“You’re wrong, Petunia. We’ll always be connected through our sons. It’s your child who is in trouble now. Come with me, and I’ll show you,” Lily replied, again stretching out her hand.
“What’s wrong with my Diddy?” Petunia asked, frightened. She slowly removed her hands from the covers, her instinct and desire to protect Dudley at all costs overriding her own fear. Then, a gnawing suspicion born of years of mistrust struck her with the force of a sledgehammer. “Are you really trying to help him or was it you who did something to him?”
Lily’s eyes flashed and the dim light from the streetlamp below made them appear to glow with feral intensity. “I would never hurt your child, Petunia. I wish you could say the same. I’m here to do something you utterly failed to do for my son. I’m here to try and help you protect your child.”
Petunia’s eyes dropped to the bedcovers, shame flooding her veins. She’d never loved Lily’s son. He’d reminded her too much of the past to ever let it go. Her shame quickly gave way to righteous indignation. Who was Lily to scold her for her treatment of the child she never should have had to raise? Lily’s own carelessness had made her son an orphan in the first place.
Before she could open her mouth to voice her fury, Lily reached over and grasped her sister’s hand.
“Let’s visit the past, shall we?” she asked coldly before the bedroom disappeared around them, replaced by myriad lights and colors that circled Petunia at a dizzying speed.
It took a moment for Petunia to steady herself on her feet, and when she finally opened her eyes, she wanted to shut them again. She stood in her own family sitting room, only the old furniture and wallpaper were still there. The pictures on the wall all showed Dudley as a very young age, and the entire room – although unmistakably hers – was just, somehow, wrong.
Before she had time to think about it or pose so much as a single question, a shriek from the stairs startled her. She turned to see a blond bundle of energy bounding down the stairs, shaking the entire structure with his exuberance.
“Diddy,” she gasped, covering her mouth with her hand. She thought her heart might burst at the sight of him and had to blink tears from her eyes. He couldn’t have been more than four or five. He pushed at his fringe as he leaped the last two stairs, a fiercely determined expression crossing his features as he made a beeline toward the enormous stack of presents beneath the tree. In fact, the tree looked dwarfed by the number of packages surrounding it.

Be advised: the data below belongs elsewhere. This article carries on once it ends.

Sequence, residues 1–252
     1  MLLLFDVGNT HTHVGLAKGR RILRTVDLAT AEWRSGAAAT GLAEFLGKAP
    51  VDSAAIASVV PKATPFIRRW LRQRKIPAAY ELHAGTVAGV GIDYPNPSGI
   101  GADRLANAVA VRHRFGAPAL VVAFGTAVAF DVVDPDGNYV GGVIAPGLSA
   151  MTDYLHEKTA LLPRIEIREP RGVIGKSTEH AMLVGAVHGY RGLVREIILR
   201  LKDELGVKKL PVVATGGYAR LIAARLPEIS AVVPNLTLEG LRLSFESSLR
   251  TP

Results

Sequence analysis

“He looks nice and warm,” Lily commented dully.
Dudley wore white pajamas with little red Father Christmas pictures scattered over them. The attached feet were threadbare, and she could see one round, chubby toe peeking out on the left side. The pajamas looked as if they were getting just a wee bit too small for her Diddydums – he was such a healthy boy! The zipper was stretched taut across his round little belly, and it was pulling in several spots. Petunia remembered how she’d always adored those particular pajamas. She’d even saved them in her trunk upstairs – the trunk where she’d saved all of Dudley’s special things.
Petunia turned toward her sister, beaming, and noticed that Lily was no longer looking at Dudley, who was opening package after package without really looking at any of them. Petunia followed Lily’s gaze to the corner of the room where a small boy with a mop of black hair and broken glasses was peeking from behind a potted plant.
Her nephew wore that same, aloof expression he often had, only this time, she somehow saw it differently. It looked more wistful than defiant, and were his eyes glistening? He wore thin, threadbare summer pajamas, and he kept shifting one bare foot on top of the other as if trying to keep one warm at a time whilst standing on the cold, wooden floor.
Petunia guiltily glanced at Lily’s face. She supposed she should have made certain he was dressed appropriately, but she’d probably got caught up in the excitement of Christmas Eve.